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Phoenix Picture Book Award
Established by the ChLA Board in 2010, the Phoenix Picture Book Award is a companion to the original Phoenix Award and recognizes a picture book published twenty years previously that did not win a major award at that time, but that the committee has determined to be of lasting value. The award is innovative, for unlike most picture book awards, it will honor not only the illustrator, but also the author (if they are two separate people). Books are considered not only for the quality of their illustrations, but for the way pictures and text work together to tell a story (whether fact or fiction). Wordless books are judged on the ability of the pictures alone to convey a story.
The Children's Literature Association Proudly Announces the 2017 Phoenix Picture Book Award Recipient:
Tell Me a Season by Mary McKenna Siddals & Petra Mathers
A lyric picturebook for the very young, Tell Me a Season presents three linked concepts—colors, time of day, and seasons—that move its readers through its graceful design and pacing to an affecting conclusion. The book exemplifies the merits of simplicity and judicious combination of word and image, detail and panorama in four symmetrical, temporal, and poetic visualverbal vignettes anchored in a single setting over the course of a year. Each of the four come together as an aesthetically pleasing and satisfying book that relates the representative activities of two country children, their cat and dog, and one other creature per season. The few declarative or descriptive words direct attention to specific conceptual details while the pictures convey the greater particulars of human and animal inhabitants’ activities. The bareness in image and text, which is more akin to stark vulnerability, combined with the use of colour, is rich and reflective.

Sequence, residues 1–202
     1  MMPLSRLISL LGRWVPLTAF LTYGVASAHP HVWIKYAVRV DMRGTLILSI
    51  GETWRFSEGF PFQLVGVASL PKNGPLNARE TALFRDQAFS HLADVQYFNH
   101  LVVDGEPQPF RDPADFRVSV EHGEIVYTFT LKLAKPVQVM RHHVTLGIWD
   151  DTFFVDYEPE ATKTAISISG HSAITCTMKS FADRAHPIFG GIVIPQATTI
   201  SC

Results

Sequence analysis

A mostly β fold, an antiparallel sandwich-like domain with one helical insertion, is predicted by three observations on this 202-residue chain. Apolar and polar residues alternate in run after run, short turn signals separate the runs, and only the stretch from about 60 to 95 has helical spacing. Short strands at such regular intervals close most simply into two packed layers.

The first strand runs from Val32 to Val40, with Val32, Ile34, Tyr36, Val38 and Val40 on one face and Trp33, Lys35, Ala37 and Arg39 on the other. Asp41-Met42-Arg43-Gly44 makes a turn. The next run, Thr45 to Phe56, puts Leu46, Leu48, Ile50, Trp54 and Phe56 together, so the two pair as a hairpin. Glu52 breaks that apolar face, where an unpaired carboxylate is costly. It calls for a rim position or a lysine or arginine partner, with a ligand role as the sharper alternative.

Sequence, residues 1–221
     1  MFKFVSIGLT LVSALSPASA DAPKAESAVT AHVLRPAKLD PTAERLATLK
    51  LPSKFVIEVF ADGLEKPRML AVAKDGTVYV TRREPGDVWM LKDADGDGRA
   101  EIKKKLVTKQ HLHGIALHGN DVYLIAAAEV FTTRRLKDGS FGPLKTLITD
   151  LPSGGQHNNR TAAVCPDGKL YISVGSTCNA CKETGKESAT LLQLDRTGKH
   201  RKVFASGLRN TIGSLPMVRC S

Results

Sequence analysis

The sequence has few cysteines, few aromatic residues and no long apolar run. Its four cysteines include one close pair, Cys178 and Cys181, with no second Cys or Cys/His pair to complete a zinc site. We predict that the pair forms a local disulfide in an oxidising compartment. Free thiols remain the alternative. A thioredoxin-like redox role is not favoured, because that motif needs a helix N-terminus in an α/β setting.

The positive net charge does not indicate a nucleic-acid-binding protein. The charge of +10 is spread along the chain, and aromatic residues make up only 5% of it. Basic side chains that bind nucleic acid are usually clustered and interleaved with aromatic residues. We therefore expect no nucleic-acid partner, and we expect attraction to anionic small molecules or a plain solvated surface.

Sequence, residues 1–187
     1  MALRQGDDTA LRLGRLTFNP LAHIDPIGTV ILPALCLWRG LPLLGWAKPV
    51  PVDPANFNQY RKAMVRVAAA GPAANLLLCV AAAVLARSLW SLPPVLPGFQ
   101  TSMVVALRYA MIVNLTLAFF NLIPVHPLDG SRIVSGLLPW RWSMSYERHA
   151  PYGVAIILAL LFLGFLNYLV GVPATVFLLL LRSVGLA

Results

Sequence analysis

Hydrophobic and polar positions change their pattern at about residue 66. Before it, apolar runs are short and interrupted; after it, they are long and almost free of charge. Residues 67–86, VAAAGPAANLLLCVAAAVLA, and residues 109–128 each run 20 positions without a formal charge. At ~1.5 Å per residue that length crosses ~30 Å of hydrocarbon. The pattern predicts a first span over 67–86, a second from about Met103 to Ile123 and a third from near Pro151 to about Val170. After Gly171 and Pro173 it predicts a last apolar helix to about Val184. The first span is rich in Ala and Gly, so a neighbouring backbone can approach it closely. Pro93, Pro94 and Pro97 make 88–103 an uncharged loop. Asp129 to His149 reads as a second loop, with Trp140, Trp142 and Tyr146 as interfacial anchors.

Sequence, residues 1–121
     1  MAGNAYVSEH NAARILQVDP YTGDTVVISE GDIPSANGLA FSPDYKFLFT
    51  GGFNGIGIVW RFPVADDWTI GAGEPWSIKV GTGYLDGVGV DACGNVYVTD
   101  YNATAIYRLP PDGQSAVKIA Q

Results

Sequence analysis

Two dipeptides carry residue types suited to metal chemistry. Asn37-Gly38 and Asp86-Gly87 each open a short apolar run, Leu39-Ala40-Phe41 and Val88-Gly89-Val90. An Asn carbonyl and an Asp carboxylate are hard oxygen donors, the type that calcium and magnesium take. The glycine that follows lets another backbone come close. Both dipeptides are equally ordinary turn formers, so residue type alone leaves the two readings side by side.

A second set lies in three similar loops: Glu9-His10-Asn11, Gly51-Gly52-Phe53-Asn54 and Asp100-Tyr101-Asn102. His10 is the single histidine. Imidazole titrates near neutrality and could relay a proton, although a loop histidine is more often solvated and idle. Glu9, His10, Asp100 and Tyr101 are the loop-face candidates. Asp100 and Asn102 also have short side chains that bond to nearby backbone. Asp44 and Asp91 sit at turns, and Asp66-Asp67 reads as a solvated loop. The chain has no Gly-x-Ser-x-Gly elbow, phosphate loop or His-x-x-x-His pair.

2017 Phoenix Picture Book Honor Book
One Grain of Rice: A Mathematical Tale by Demi
Inspired by Indian miniature paintings, Demi’s modern visualverbal retelling of this Indian folktale is enriched by reds, purples and golds. These colors denote both royalty and the cleverness and wisdom of Rani, the village girl who restores justice. The dominance of gold leaf is tastefully balanced by the use of white space, which serves to pace the unfolding story and its pages, comprised of well-placed text blocks and framed pictures, and to highlight the elements that dynamically exceed their frames. Rani is the queen of mathematics and its irrefutable logic, made manifest on the fold out pages.
Winner: Sara Fanelli for My Map Book (HarperCollins, 1995)
Honor Winner: Charlotte Zolotow and Stefano Vitale for When the Wind Stops (HarperCollins, 1995)
Honor Winner: Kady MacDonald Denton for Would They Love a Lion? (Kingfisher, 1995)
Winner: Raymond Briggs for The Bear (Julia Macrae Books, 1994)
Honor Winner: Peggy Rathmann for Good Night, Gorilla (Putnam Juvenile, 1996)
Honor Winner:Anne Isaacs and Paul Zelinksy forSwamp Angel (Putnam and Dutton, 1994)
Winner: Kevin Henkes for Owen (Greenwillow, 1993)
Honor Winner: Denise Fleming for In the Small, Small Pond (Henry Holt and Co., 1993)